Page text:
There has been a significant rise in the use of computers and electronic devices for reading in both personal and educational settings. Work on the effects of presentation modality on reading performance and self-evaluation has explored these issues with adults (e.g., Ackerman & Goldsmith, 2011; Ackerman & Lauterman, 2012; Singer & Alexander, 2016) and with adolescents (e.g., Mangen, Walgermo, & Brønnick, 2013; Rasmusson, 2014). Less is known about how children's reading preferences, performance, and self-evaluations are affected by screen vs. print tasks. In this study, 82 fifth and sixth grade students read texts on a computer screen and on paper. They answered comprehension questions and rated their confidence in their answers. In addition, they completed preference questionnaires prior to and after the task. Results indicated that children prefer reading from a screen. They performed significantly better on paper and were more confident and calibrated than when reading from a screen. Finally, post-task preference questionnaires indicated that children's preference for screen reading decreased from pre to post test. Theoretical and pedagogical implications are discussed.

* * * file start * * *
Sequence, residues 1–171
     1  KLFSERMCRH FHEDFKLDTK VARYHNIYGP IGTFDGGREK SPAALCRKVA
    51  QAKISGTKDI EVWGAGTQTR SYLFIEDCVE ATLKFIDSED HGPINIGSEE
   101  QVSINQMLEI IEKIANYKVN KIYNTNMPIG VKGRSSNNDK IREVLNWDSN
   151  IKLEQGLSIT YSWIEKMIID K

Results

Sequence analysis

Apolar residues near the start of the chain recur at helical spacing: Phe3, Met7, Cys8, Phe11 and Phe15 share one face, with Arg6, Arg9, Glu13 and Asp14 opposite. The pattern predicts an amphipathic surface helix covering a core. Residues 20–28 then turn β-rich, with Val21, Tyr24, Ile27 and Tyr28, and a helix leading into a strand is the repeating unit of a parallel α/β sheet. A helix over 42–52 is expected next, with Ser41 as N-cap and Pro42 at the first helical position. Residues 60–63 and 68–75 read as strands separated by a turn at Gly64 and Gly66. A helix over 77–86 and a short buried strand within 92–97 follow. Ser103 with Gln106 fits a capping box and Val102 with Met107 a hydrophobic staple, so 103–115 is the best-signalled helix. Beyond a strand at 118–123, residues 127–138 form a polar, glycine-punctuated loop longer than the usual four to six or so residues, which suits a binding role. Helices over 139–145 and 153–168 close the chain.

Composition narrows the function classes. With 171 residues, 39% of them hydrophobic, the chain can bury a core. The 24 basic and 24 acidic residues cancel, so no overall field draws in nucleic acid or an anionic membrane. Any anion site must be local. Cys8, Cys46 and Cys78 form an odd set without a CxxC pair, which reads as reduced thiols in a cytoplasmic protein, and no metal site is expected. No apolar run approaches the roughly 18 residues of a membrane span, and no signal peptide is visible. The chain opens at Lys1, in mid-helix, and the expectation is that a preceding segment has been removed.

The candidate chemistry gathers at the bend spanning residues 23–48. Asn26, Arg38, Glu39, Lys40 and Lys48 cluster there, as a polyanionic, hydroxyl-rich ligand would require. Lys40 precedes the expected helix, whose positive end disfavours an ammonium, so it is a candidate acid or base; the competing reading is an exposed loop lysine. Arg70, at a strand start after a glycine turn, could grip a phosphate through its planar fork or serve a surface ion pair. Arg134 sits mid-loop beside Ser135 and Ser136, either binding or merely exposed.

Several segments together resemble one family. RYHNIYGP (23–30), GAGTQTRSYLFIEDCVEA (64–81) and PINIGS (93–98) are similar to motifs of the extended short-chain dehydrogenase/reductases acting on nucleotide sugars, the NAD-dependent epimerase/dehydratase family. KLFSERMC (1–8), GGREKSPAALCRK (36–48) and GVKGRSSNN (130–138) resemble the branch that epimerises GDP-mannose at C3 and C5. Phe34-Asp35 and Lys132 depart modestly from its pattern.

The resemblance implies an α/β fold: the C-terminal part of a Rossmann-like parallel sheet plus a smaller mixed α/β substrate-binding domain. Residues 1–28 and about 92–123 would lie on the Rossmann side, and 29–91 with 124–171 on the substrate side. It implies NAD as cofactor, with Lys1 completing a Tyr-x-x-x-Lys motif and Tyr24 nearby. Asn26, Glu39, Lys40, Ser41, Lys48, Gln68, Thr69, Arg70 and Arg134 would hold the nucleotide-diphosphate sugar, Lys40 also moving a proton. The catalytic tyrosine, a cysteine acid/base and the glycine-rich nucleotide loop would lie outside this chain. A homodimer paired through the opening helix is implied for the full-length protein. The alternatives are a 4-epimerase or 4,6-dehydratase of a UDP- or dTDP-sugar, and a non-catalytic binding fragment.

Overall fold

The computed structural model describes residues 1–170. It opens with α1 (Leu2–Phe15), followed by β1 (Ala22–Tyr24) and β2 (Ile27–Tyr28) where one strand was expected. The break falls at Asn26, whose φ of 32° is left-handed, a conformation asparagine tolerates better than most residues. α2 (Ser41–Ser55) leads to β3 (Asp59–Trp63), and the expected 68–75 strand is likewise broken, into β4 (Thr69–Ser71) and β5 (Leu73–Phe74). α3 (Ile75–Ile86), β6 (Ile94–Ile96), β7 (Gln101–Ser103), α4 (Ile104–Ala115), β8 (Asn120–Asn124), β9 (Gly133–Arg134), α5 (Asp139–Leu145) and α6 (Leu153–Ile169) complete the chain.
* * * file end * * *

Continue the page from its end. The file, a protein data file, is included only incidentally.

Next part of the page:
Bibliographical notePublisher Copyright:
- Reading comprehension
- Reading instructions
ASJC Scopus subject areas
- Computer Science (all)